Artistic vision

The dilemma this one posed was not the treatment of Vincent Van Gogh’s outlook on life, but his outlook on Jesus in history, which, however, I can sort-of forgive as his Dutch liberal viewpoint. It makes a small part of the film, but a noticeable one. In At Eternity’s Gate (2018), post-impressionist artist Vincent Van Gogh wants to follow his artistic instincts and ‘follow the light’. It’s a noble quest that seeks beauty in the world. So, mild mannered Van Gogh goes to Arles, in the South of France (a lovely place!), on the suggestion of fellow artist Gaugin (played intense by Oscar Isaac). It was Van Gogh’s description of his faith that caused me to question how he saw the history of Jesus, rather than question his artistic vision. In this film, Van Gogh (Willem Dafoe) says Christ was only really known in the late first century, and earlier than that he was obscure. But to say Christ was obscure earlier is false. The records in the Acts of the Apostles show the beginnings and rapid growth of the Church and Christ’s message in the early and middle first century. But the film’s better points are what makes it rise above this historical flaw.

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Slice of life

Places in the Heart (1984) is a pleasingly leisurely and ultimately worthwhile slice of life drama set in the 1930’s—if one can manage sitting through the slow troughs. Memorably, as people are sitting in a church to remember, through a communion service, the sacrifice that Jesus Christ made 2000 years ago, there, a young black man, who had been lynched because he shot the sheriff, are both present. The young man and the sheriff, though dead, share communion (wine and bread), and the scene resolves the relationship between the young man and the sheriff in the best way possible: they experience reconciliation through the symbols of communion. Before this, an older African American, Moses (Danny Glover), comes into the life of the widow of the sheriff, Edna Spalding (Sally Field) although it’s through a sense of “luck”. However unlikely, Edna Spalding is kind and gives Moses work. In the 1930’s in America, this would be unusual. Moses encourages Edna to pay off what she owes the bank by using his cotton-picking knowledge. For one season, he helps her raise a cotton harvest. Even if Moses must go, because of the Klu Klux Klan around the neighborhood – one of which, a businessman, feels threatened by Moses’ skills at negotiating cotton prices – Edna will know how to pick cotton next season. Moses, like the Moses of the Bible, is her deliverer. Places in the Heart unfolds beautifully, is worthwhile, well-meaning, sincere, and features a vivid cast of characters. Very well acted. Beautifully filmed.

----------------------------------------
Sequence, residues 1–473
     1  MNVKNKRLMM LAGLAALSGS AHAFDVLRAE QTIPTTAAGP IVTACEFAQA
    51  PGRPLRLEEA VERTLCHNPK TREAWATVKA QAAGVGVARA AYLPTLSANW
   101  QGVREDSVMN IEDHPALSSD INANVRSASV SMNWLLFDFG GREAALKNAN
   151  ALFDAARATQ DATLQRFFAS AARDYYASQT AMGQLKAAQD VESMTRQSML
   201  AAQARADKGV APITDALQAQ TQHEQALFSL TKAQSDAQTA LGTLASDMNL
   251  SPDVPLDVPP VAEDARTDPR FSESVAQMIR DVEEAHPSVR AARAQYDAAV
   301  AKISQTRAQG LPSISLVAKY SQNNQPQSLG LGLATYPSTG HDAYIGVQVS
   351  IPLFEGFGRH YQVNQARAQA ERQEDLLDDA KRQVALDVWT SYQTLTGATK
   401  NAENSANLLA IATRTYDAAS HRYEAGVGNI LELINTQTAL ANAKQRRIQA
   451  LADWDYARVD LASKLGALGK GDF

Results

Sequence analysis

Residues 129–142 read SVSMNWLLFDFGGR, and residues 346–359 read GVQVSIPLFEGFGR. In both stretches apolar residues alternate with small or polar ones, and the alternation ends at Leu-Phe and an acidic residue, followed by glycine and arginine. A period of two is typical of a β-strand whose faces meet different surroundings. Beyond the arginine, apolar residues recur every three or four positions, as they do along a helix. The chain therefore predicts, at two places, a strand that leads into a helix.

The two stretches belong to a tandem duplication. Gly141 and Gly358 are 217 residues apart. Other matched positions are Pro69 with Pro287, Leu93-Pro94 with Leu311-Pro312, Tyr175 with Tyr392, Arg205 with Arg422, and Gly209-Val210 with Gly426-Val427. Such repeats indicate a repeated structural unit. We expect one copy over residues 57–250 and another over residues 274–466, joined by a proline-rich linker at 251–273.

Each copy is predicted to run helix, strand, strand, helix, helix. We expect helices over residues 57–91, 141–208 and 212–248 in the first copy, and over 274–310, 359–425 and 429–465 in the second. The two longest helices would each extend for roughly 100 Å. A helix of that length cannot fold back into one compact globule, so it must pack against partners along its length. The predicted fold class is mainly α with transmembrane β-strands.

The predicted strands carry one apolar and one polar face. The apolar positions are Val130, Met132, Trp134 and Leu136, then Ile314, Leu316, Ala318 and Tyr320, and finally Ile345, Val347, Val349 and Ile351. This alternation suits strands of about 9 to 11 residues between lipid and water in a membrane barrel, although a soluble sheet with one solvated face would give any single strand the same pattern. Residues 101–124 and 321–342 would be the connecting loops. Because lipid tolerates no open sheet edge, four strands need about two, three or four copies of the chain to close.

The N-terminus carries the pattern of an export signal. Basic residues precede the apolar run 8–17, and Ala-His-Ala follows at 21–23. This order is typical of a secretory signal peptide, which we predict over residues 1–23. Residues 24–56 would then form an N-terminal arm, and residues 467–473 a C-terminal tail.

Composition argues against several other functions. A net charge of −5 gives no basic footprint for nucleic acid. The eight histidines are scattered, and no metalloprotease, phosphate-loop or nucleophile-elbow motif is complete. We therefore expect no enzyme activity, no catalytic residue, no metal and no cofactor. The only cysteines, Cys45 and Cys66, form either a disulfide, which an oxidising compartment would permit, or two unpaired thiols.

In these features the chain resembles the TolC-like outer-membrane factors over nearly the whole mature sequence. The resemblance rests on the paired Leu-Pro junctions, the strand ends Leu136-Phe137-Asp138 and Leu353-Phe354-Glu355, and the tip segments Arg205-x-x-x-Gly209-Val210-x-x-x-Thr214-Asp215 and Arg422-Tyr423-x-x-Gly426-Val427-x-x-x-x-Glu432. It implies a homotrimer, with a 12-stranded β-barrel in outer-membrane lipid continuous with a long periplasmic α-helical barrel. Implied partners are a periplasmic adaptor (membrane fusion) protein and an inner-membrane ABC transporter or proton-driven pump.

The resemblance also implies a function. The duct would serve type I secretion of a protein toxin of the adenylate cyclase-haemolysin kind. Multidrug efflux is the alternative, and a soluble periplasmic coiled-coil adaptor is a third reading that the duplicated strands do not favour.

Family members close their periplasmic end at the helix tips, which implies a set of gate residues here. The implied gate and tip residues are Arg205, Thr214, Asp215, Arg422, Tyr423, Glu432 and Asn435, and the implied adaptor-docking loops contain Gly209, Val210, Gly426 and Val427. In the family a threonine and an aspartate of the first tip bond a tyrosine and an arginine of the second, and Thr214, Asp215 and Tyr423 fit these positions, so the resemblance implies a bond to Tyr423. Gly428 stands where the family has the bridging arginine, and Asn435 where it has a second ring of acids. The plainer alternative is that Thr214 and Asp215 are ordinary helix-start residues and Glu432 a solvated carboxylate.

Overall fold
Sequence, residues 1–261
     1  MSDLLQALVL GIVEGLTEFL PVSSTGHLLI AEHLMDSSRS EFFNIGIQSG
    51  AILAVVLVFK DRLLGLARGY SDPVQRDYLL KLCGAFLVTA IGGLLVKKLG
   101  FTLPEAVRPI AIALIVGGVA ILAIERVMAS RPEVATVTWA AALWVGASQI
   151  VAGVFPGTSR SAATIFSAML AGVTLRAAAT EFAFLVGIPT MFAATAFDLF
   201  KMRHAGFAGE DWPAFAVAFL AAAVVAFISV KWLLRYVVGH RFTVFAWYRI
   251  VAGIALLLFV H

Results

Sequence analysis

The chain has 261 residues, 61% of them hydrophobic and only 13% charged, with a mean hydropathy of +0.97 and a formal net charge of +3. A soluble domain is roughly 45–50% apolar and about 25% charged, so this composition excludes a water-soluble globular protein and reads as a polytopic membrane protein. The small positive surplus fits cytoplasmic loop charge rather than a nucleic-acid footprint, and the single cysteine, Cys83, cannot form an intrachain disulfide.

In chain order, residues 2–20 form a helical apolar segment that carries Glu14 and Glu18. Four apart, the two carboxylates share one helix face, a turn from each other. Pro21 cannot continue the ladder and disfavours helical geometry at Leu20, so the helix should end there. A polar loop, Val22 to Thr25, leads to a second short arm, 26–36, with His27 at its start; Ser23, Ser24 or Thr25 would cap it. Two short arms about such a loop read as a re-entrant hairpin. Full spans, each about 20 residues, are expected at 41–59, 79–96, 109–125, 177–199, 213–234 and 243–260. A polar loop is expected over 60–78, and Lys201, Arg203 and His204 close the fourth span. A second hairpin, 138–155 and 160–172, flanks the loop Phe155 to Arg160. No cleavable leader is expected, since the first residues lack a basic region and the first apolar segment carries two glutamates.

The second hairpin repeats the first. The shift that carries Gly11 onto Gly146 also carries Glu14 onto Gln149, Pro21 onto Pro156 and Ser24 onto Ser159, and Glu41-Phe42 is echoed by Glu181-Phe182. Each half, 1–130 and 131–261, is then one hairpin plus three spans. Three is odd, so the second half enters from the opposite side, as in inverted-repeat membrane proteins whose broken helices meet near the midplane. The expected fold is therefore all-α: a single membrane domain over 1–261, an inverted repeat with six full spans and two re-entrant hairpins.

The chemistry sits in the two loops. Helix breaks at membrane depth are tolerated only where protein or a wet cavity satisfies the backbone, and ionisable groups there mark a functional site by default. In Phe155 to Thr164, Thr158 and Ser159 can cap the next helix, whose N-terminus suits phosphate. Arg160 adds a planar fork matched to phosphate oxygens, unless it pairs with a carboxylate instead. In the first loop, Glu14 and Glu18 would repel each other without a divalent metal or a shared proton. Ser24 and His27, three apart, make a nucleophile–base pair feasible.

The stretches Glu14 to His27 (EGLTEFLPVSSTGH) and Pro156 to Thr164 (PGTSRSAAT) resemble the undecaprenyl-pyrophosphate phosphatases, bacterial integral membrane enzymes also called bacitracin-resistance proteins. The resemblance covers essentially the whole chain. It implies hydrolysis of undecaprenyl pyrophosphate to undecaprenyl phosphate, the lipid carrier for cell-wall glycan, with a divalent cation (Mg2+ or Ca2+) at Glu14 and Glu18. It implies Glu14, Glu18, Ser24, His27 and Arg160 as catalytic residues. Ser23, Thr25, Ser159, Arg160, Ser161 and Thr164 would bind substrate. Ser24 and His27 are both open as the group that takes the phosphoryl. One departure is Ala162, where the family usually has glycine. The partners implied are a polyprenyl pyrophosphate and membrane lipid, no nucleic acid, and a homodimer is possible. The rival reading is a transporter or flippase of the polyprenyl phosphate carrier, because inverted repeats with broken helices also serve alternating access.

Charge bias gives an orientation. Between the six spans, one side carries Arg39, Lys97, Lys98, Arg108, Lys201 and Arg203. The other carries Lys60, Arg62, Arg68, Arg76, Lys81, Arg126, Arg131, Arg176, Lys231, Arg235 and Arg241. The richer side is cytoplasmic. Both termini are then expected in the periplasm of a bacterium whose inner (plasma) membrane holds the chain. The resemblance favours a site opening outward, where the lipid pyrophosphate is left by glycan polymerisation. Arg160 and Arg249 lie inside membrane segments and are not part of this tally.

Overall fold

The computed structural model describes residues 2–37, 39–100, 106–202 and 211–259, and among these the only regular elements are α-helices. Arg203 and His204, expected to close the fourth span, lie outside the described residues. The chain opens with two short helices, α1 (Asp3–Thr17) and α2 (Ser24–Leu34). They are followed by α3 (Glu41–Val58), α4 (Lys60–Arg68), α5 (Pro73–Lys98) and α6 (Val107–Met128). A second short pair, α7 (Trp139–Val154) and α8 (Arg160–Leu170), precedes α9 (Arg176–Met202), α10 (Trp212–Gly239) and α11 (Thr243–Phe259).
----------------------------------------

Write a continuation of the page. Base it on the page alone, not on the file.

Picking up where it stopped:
Published 2020,

Hard places

President of the United States John F Kennedy was assassinated in 1963, in Dallas, Texas. Jackie (2016) focuses on the grief of Kennedy’s wife, Jackie Kennedy (Natalie Portman). Jackie is interviewed by a journalist to get beneath the story of her grief over the assassination. It’s an uncomfortable interview as far as Jackie is concerned, but the journalist is sensitive enough to accommodate much of Jackie’s concerns, who is jaded by much of what’s been written already. The interview scenes are juxtaposed with her reactions immediately after the assassination. Mostly filmed in indoor settings, at a replica of the White House and Jackie’s home, and some of it outdoors, such as a cemetery. The film has the look of budget constraints. Natalie Portman gets under the grief of the former first lady and is so natural in conveying the mannerisms and emotional hurt of Jackie, that she morphs seamlessly into the role. She is ably supported by Peter Sarsgaard as Bobby Kennedy, Richard E Grant as Bill Walton, and John Hurt as the Catholic priest Jackie confides in about her God issues over the untimely death. It is here that there’s a great spiritual moment in the film, when the priest retells Jesus’ parable of the blind beggar to comfort Jackie. The parable becomes a spiritual lesson for her and elevates her as a kind of symbol for the nation and the world, as she’s here to now glorify God.

Published 2020,

Human dignity

The Elephant Man (1980) weaves a tapestry of skilled storytelling, and beautiful film-making, to show us how life was for John Merrick, the man who was called ‘The Elephant Man’. Based on the book “The Elephant Man and Other Reminiscences” by Sir Frederick Treves and Ashley Montagu’s “The Elephant Man: A Study in Human Dignity”, the adapters of this material (Christopher De Vore, Eric Bergren, and David Lynch) fashion a seamless story. Set in Victorian England, and shot in black and white to evoke the period, it follows Frederick Treves (Anthony Hopkins), a surgeon at London Hospital, as he moves his way through a circus crowd and into the tent of John Merrick (an unrecognizable John Hurt), who is displayed as a ‘freak’, The Elephant Man, one of life’s many surprises his cruel owner Bytes (Freddie Jones) announces. Treves wants to study and protect Merrick and does a bargain with Bytes. Later in the film, Treves doubts that his taking Merrick did any good, as it made Merrick a curiosity again, to the medical doctors at the Philanthropic Society and in the higher echelons of the Victorian world, but Treves’ intentions are not limited to scientific curiosity. He is genuinely engrossed in the man’s welfare and treatment. Treves believes he should be given a safe place to live, away from those who might react cruelly or with fear to the severe deformities and abnormalities that cover his body, head, and face. Treves become Merrick’s reason to believe in himself. The Elephant Man is profound, moving, powerful story, humanely Christian, and thought provoking. It seems to say that if people with disadvantages are treated normally, they will get along better, but this may take a wise and understanding person. A memorable film.

Published 2020,